Tuesday, October 19, 2010

Using Bigfix for Mass Deployments of OSSEC agents for Windows

Ok, say you want to deploy 100 or more agents of OSSEC. Connecting to each one, manually installing the agent, pasting your ossec agent key in, and then starting the agent can take quite some time.

Using a Systems Management product such as Bigfix can make this task much easier. However, I would be remiss if I didn't point out that there are trade-offs using this deployment approach. The client key for ossec is what the system uses to sign/encrypt the log messages from agent to server (and vice versa I imagine as well), and the deployment options I am showing do present some risk of that client key being potentially revealed to an attacker. You will have to evaluate your own risk tolerance on this.

The method I showed in my previous blog post worked for one computer at a time, since you had to paste the line for the agent you are wanting to install at the time of deployment. This method will allow you to deploy to as many computers as you want.

The process involves these steps:

1. Add your agents to the ossec server (either via manage_agents or other import method).

2. Created a hidden "null" share somewhere on your network. Bigfix runs as SYSTEM, so the share will have to be assigned Everyone:Read permissions. Copy the client.keys file from your ossec server to this hidden null share. If you recognized the first trade-off to security, congratulations! You should delete this client.keys file from the share as soon as your deployment is done.

3. Run your Bigfix task to deploy the ossec agent. Each agent will query the clients.key file and extract their own key from it.

The Bigfix task should be built similiarly to my previous post on this subject, but substitute the following action script (after the extract statement):

wait __Download\ossec-agent-win32-2.5.1.exe /S

copy "\\SERVER01\OSSEC$\client.keys" "__Download\client.keys"
appendfile {line whose (it as lowercase contains computer name as lowercase) of file "__Download\client.keys"}

delete "C:\Program Files\ossec-agent\client.keys"
copy __appendfile "C:\Program Files\ossec-agent\client.keys"

delete "C:\Program Files\ossec-agent\ossec.conf"
copy __Download\ossec.conf "C:\Program Files\ossec-agent\ossec.conf"

wait "SC" start OssecSvc

The magic is done in this line:

appendfile {line whose (it as lowercase contains computer name as lowercase) of file "__Download\client.keys"}

which searches the client.keys file downloaded from your hidden share and builds the proper client.keys file for each computer deployed to.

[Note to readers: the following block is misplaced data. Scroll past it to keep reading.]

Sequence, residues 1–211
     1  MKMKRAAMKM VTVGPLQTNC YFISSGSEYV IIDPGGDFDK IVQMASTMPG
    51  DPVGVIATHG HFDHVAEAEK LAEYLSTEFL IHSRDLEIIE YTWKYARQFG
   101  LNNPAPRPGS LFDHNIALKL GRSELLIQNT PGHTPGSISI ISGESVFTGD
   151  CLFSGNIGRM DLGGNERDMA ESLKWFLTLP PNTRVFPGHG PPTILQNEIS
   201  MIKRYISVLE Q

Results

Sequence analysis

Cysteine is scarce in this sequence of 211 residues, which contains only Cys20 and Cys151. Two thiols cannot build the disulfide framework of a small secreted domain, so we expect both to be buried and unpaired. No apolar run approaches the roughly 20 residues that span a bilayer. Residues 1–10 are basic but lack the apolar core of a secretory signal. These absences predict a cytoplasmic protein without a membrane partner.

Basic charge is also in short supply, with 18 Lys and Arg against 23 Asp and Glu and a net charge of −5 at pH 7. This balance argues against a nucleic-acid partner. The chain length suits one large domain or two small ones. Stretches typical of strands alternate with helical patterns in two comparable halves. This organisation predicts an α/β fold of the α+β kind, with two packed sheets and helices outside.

Security wise, this task is a little better than the previous task, as the client key will only be leaked to the local Bigfix client log file on each computer where the OSSEC agent is deployed to (not counting the everyone read hidden share where ALL client keys will exist for the length of your deployment, because you will delete it promptly afterwards, right?).

Well, there is a second method for deploying the OSSEC agent, and this one will deploy to 10, 100 or even 1000 computers in 5-10 minutes (assuming a healthy Bigfix setup.) Nice! Just remember that this flexibility is coming at some reduced security, and take that increased risk into account. I won't be held responsible if things don't work out. :)

In the next day or two, I'll try to find the time to write a blog about mass deployments for Windows using just batch files, and other poor man's tools. Using the same techniques, you can easily build a deployment script based on the psexec tool and batch files.

Update: there are some ways to increase the security of this task. Instead of using the fancy relevance substitution shown above to extract the client key, using something like: find "{computer name}" > client.keys will solve the problem of the client key being written to the Bigfix client log (which will exist until the logs roll over-about 7 days.) Then you are left only with the open share and potentialy clear text transfer of the client.keys to your computers (depending on how your network is configured). Setting up auditing on the share folder is one method to identify if unauthorized parties accessed your client.keys file while your deployment was running. The man-in-the-middle attack is another thing though... but not a problem unique to this method.

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